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Licenses would just be the thin end of the wedge, next it will be tax discs ect ect (just like the yearly vhf radio license) more expence with no return. dont give the goverment any more ideas.
 

jac

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Licenses

Don't get me wrong - I don't want licenses any more than the next man. I have visions of Coast guards hiding behind buoys and pouncing on anyone passing to see if the paperwork is in order and any system that is introduced will be flawed (How cynical?)

But what is the answer? Let them drown? Rescue them and fine them for being stupid? or carry on rescuing them for nothing and let the RNLI risk their lives?
 

BarryD

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So ccscott49 you feel that un-licenced partially trained boaters are better than a system whereby some initial degree of competency is assured? Who is the idiot? Suggest something better? A single engined helicopter costs about £150 per hour, throw in some crew, another engine, a couple of boats, someone to co-ordinate and a simple rescue can easily cost thousands of pounds. Of course this should be free that is your right (consider growing up everything costs).

A friends moored cruiser was hit by a skiff (or something like that) ripped the ariel off, and scored the planking and buggered a water vent. A quick wave, of the hand and a shout of sorry - then the sail boat headed off. Leaving a couple of hundred pounds worth of damage. Very nice, now being licensed may not have stopped the accident but it would have givne some insurance and a way of tracing the idiot.

Barry D.
 

jac

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To defend ccscot49, BarryD your argument is loosing any cohesion. In your post when you suggested licenses you stated day skipper theory would be enough for anyone with a boat betwwem 12 and 33 feet.

I have a day skipper theory book with me (my girlfriend is revising) and it doesn't mention anything about how to control a boat when it is about to broach or how not to broach in the first place. It doesn't mention how to beat to windward against a foul tide in an efficient manner. You get that with experience and even then still get it wrong but both situations could easily catch the inexperienced out.

Get people out on the water with a piece of paper saying they know the theory and they are in for a big surprise the first time their boat suddenly decides to go one way when they want to go the other. That is where damage occurs and people get into trouble.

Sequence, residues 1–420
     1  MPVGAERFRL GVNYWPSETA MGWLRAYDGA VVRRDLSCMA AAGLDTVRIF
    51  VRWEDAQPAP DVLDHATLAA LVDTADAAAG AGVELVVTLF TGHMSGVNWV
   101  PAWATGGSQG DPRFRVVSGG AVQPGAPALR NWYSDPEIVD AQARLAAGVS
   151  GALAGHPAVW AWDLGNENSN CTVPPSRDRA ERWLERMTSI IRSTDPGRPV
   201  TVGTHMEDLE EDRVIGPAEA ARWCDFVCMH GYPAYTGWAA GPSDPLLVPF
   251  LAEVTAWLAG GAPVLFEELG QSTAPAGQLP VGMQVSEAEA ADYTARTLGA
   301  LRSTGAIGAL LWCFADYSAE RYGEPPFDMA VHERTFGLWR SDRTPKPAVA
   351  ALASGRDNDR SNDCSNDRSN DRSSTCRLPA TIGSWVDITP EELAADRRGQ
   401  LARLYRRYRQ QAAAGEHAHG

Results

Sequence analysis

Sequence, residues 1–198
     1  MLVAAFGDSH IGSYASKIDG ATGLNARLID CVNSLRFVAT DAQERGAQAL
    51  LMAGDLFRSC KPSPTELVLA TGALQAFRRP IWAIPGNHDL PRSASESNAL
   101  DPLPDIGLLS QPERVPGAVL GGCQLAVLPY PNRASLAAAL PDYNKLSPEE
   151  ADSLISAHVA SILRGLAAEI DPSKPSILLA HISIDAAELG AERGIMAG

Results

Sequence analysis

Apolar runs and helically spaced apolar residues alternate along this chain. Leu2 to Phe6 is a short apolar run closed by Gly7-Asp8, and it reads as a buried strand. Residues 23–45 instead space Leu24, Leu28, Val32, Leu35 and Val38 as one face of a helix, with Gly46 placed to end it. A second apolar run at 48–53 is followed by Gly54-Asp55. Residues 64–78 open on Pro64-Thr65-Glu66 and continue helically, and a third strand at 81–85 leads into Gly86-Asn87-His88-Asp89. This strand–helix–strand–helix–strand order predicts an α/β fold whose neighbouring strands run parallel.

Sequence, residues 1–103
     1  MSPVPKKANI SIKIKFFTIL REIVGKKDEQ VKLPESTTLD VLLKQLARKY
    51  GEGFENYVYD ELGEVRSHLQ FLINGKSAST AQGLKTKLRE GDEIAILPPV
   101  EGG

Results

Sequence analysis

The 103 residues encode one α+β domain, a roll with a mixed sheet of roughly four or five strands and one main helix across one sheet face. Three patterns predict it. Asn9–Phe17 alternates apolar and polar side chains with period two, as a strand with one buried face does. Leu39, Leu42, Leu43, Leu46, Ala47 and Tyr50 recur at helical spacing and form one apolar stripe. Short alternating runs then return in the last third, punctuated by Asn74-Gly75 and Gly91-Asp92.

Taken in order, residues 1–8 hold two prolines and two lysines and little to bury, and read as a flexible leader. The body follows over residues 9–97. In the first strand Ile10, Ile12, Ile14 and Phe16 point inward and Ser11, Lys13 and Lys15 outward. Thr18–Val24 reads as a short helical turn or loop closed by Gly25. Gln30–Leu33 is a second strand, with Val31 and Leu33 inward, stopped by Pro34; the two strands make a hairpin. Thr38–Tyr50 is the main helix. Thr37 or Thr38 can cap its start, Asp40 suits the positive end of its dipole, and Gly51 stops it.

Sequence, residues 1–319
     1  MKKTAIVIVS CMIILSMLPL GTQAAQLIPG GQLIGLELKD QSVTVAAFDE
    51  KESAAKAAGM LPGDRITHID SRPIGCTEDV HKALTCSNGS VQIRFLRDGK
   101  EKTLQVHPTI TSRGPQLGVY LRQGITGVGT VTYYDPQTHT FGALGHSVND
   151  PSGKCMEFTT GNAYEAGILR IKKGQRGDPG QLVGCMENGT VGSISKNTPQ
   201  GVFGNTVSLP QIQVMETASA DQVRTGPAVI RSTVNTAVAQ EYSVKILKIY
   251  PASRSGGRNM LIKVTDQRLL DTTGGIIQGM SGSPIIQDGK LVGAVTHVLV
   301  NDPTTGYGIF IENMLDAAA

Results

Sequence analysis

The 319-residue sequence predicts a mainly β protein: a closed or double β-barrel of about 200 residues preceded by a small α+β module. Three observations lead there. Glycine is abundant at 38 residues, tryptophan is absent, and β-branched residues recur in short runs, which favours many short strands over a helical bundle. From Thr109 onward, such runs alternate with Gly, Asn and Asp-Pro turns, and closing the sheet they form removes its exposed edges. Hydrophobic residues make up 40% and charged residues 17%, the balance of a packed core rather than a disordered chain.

The coastguard salaries are paid anyway. i agree that the chopper costs would be an incremental cost but I understand that S&R have to do so many flying hours a month anyway. If it's not spent rescuing then they have to practise and as a tax payer I would rather they were saving lives rather than buckets and fenders or whatever they use. The issue with the rescue is the risk to life - remember penlee.

If you introduce licenses we will have to pay for them. We will not be safer. The RNLI will not be any safer. We will have just created more buerocracy (?) and given more power to HM government.
 

Boatman

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The debate about licences will go on forever, I have very mixed views about whether it is any good. I sail in Europe and require an ICC, I powerboat in Switzerland where I require a Licence. The idiots of the local variety who also have licences in both areas that I see don't seem better sailors / seamen(women) as a result of having taken an exam. If anything they are worse since they have the attitude that I know it all I have a Licence. As a last comment the only reason I took the dam exams was that if I didn't I was going to get arrested at some point or in the case of the Swiss fined (alot)
 

jollyjacktar

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Best solution.

I have just read all the threads and all in all I think that the most effective comntrol is the Juju ceremony. Legislation won't do it.
 

jac

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Re: Best solution.

Alternative solution

Exocet Missile. See someone you think is an idiot - blow them out of the water. Good for the defence industry as well.
And boat builders.
 
G

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Re: Eskimo Roll

A real Eskimo would have simply rolled the "kayak" using an Eskimo roll, the equivalent of a 360 knockdown in sailing terms. The water would be too cold for fluffing around with mobile phones, but a quick wave of the paddle would have brought his mates to the ice shelf on there land-style jet skis.

Yotties are not the only people who swan about on the water.